-------------                           ---------
C-n   next-line (down-arrow)            ESC-% query-replace
C-p   previous-line (up-arrow)          query-replace-regexp
C-f   forward-char (right-arrow)
C-b   backward-char (left-arrow)        Responses During Query Replace
                                        ------------------------------
ESC-f forward-word                      y  replace this instance
ESC-b backward-word                     n  dont replace this one
                                        !  replace all remaining instances
C-a   beginning-of-line                 .  replace this one and exit
C-e   end-of-line                       ^  back up to previous replacement
                                        C-R recursive edit
ESC-a forward-sentence                  C-M-c exit recursive edit
ESC-e backwards-sentence                ?  help
                                        q  exit
ESC-} forward-paragraph
ESC-{ backwards-paragraph               Cut Copy Paste                          
                                        --------------
ESC-< beginning-of-file                 C-SPC   set-mark-command 
ESC-> end-of-file                       C-w     kill-region
                                        C-y     yank
C-v   scroll-up                         ESC-w   kill-ring-save (copy-region-as-kill)
ESC-v scroll-down                       C-X h   mark whole file

Window Management                       Changing Case
-----------------                       -------------
C-X 1   delete-other-windows            ESC-C   capitalise-word
C-X 2   split-window-vertically         ESC-U   upcase-word
C-X 3   split-window-horizontally       ESC-L   downcase-word
C-X o   select other window             C-X C-U upcase-region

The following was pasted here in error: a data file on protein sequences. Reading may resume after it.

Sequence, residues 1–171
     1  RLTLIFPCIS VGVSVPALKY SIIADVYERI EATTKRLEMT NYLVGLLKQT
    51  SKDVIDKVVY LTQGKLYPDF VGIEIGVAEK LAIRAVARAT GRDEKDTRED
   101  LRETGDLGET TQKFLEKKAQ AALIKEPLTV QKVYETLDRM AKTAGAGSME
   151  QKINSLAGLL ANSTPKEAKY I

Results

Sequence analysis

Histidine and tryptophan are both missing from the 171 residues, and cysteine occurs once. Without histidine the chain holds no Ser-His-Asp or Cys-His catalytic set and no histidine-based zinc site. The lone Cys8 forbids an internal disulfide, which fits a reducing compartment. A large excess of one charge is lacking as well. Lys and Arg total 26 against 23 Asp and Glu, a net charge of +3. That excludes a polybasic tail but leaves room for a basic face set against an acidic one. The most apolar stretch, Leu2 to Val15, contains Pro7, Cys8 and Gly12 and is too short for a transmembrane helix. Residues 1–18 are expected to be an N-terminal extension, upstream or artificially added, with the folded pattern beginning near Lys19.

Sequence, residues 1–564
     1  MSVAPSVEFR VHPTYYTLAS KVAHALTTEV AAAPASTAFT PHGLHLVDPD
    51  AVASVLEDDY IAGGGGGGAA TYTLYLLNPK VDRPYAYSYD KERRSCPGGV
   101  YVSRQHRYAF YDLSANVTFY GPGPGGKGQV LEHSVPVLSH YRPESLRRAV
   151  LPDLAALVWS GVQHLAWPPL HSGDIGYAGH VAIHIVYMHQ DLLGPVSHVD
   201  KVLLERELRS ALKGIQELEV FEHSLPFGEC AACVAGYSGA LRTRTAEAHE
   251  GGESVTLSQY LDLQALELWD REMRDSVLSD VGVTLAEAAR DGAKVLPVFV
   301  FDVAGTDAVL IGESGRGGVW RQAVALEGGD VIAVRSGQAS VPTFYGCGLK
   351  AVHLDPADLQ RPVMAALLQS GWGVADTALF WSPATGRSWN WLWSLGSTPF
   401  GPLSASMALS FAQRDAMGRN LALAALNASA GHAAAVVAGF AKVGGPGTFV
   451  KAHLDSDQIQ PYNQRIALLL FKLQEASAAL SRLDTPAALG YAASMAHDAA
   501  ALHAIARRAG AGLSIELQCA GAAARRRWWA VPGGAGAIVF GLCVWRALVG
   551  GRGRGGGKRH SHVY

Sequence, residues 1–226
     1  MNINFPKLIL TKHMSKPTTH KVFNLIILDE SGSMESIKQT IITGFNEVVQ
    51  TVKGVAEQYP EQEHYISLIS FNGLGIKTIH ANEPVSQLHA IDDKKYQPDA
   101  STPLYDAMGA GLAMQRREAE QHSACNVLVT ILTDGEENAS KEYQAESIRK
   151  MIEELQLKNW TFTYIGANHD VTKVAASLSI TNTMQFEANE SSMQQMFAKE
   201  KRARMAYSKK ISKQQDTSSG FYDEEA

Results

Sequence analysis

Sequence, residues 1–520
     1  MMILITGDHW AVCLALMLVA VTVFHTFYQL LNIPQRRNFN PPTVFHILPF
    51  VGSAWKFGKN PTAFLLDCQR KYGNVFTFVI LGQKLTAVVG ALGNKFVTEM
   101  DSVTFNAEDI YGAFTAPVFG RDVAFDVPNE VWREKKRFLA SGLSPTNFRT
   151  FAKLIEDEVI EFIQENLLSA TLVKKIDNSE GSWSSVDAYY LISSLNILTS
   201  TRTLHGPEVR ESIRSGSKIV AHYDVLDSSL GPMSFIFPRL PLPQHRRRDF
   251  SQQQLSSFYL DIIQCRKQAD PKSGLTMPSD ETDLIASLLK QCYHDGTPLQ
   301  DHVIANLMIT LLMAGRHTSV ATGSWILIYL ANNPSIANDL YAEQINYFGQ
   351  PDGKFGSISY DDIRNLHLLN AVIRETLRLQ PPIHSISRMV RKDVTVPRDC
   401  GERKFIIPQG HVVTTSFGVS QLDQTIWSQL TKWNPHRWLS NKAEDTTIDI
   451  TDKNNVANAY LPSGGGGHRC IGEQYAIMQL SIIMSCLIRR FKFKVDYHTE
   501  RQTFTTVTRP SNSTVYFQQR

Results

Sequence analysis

C-X 0   delete this window              C-X C-L downcase-region
C-X C-B buffer-menu (? for help)

Deleting                                Spell Checking
--------                                --------------
ESC-d      kill-word                    M-x ispell-buffer
ESC-DEL    backward-kill-word           M-$ ispell-word
C-d        delete-char                  i   accept and insert into dictionary
DEL        backward-delete-char         a   accept for this session
C-k        kill-line                    SPC accept this once
ESC-Z char zap-to-char                  r   replace with typed in word
                                        C-R recursive edit
                                        C-M-c exit recursive edit
                                        x   exit

Miscellaneous                           Transpose
-------------                           ---------
C-X u   undo                            C-X C-T transpose-lines
C-X m   start mail                      M-T     transpose-words
C-C C-W load signature file
C-C C-C send mail
C-Z     iconfify emacs window
ESC=    count-lines-region
C-X `   next-error
        (parse compile errors)

Moving Around Source Code               Shell Commands
-------------------------               --------------
C-M-F forward-brace                     ESC-!   shell command to buffer (esc bang)
C-M-B backward-brace                    ESC-|   shell command on region (esc pipe)
C-M-A forward-func                      ESC-x shell RET
C-M-E backward-func                     (run a shell in a buffer)

Command Line Completion and Recall in the Minibuffer

As in most modern shells EMACS has command line completion when inside the minibuffer. Pressing the TAB key causes EMACS to attempt to complete the command being typed. If the command is not unique EMACS displays a buffer with a list of possible completions. You then continue typing until you feel enough text has been entered to allow further completion when the TAB is pressed again.

Emacs stores a history of commands that have been entered through the minibuffer and commands can be recalled by pressing the up-arrow key.

Incremental Search

EMACS provides several different ways to search for text strings. Incremental searching means that the cursor jumps to and highlights the nearest match as the search string is typed in.

Also available are the functions isearch-forward-regexp and isearch-backward-regexp which are incremental searches using regular expression matching. These are bound to M-C-s and M-C-r respectively.

Dired Mode